Like its predecessor, this watch is also chronometer certified, further adding to its reliability and exclusivity and guaranteeing to some extent its exceptional performance. I feel that the C.O.S.C., which officially certifies Swiss chronometers, should have more stringent requirements for high-frequency movements as right now they are tested the same way run-of-the-mill 4 Hz movements are, while they should easily outperform them. I doubt that will happen anytime soon as so few brands offer high-frequency movements and even fewer have them chronometer certified.

Chopard Alpine Eagle Cadence 8HF

The Alpine Eagle Cadence 8HF will remain a delicacy for the few at any rate since Chopard is only making 250 of them. For me, it is the most desirable version of the Alpine Eagle collection.

Chopard Alpine Eagle Cadence 8HF

For more information, please see

Quick Facts Chopard Alpine Eagle Cadence 8HF
Case: 41 x 9.75 mm, Grade 5 titanium
Movement: automatic Caliber Chopard 01.12-C; 60-hour power reserve; 8 Hz/57,600 vph frequency, officially C.O.S.C. chronometer certified; silicon escape wheel, pallet lever, and impulse pin
Functions: hours, minutes, seconds; date
Limitation: 250 pieces
Price: CHF 19,000

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The Chopard L.U.C Collection Upon Turning 25: Here Are A Few Highlights

Chopard Unveils Alpine Eagle Flying Tourbillon At Watches And Wonders 2022

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8 replies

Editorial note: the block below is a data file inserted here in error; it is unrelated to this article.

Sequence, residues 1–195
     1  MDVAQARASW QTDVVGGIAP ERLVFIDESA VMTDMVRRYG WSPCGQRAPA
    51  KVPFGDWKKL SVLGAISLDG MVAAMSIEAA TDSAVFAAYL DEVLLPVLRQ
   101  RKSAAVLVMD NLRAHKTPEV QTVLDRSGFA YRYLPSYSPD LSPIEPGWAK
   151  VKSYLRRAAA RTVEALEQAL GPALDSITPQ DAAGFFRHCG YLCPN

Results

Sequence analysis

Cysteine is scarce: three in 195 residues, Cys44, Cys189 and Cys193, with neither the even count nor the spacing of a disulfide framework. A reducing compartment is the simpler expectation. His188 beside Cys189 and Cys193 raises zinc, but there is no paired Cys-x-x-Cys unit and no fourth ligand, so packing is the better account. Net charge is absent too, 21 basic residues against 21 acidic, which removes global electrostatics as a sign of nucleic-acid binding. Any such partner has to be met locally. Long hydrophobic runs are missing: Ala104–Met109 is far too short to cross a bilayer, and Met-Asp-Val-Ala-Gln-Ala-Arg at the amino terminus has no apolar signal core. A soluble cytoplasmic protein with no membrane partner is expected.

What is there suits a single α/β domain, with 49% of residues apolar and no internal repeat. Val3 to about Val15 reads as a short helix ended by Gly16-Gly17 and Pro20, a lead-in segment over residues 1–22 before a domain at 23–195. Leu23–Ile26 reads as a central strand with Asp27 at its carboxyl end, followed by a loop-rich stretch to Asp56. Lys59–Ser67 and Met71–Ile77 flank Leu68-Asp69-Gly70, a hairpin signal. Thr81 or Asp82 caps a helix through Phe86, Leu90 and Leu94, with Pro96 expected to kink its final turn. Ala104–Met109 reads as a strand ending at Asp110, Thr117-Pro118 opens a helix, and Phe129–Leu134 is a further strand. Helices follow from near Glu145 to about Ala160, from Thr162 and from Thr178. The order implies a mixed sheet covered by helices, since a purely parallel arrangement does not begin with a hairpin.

1. Tam O Banter
    Tam O Banter says:

    Can I please instigate a mini poll though?
    How does one cope with a bracelet of fixed length? I just can’t understand it. Especially in Scotland, I find myself using the micro-adjustment of my bracelets almost on a daily basis. I can’t have a watch flopping about like a bangle or squeezing my wrist. I don’t understand how manufacturers can get away with using only a butterfly clasp.

  2. Thomas 37 Grad
    Thomas 37 Grad says:

    A nice topic for a nice discussion. I like this, thank you very much Tam, Ian and Martin. (1) I do not have any fine adjustment on any of the older watches – both on bracelets and on straps. And these watches fit sometimes, for an hour or so, yes and no – they are too tight or too loose. It’s not great. But it’s part of the relationship of the watch to me. It’s a matter of getting used to it. (2) On modern watches, it’s different. I can adjust the bracelet wonderfully. And then it fits, exactly. For an hour or so. Or less. And the whole day I nervously and permanently mess around with the fine adjustment. Rather restlessly. Constantly. So my choice is the old fashioned option (1). But: Variant (2) should be offered as standard today, yes.
    I’m curious about further experiences, thank you and best regards, Thomas

  3. Tam O Banter
    Tam O Banter says:

    My pleasure. I have great affection for the “stamped clasp with holes”, despite the fact that so many reviewers seem to have engineered this crisis with disparaging remarks about them. I do not care how amazing the “engineering” is on a useless bracelet.
    I strongly suspect that is why I don’t own a Grand Seiko.

  4. Cuentatiempos
    Cuentatiempos says:

    It is not only a matter of lack of fine adjustment, the butterfly is totally uncomfortable to close compared to the instinctive, fast and one-way gesture of the stamped closure.

  5. Sabrina
    Sabrina says:

    The Alpine Eagle timepieces have a integrated yet invisible folding clasp system, extremely comfortable to wear. You don’t feel it.
    Welcome all of you the visit our Chopard Geneva Flagship Boutique to see the collection.

    • Tam O Banter
      Tam O Banter says:

      I’m sure it is very comfortable for those periods when the ambient temperature is just right.
      My partner cannot wear her butterfly-clasped Cartier for half the year!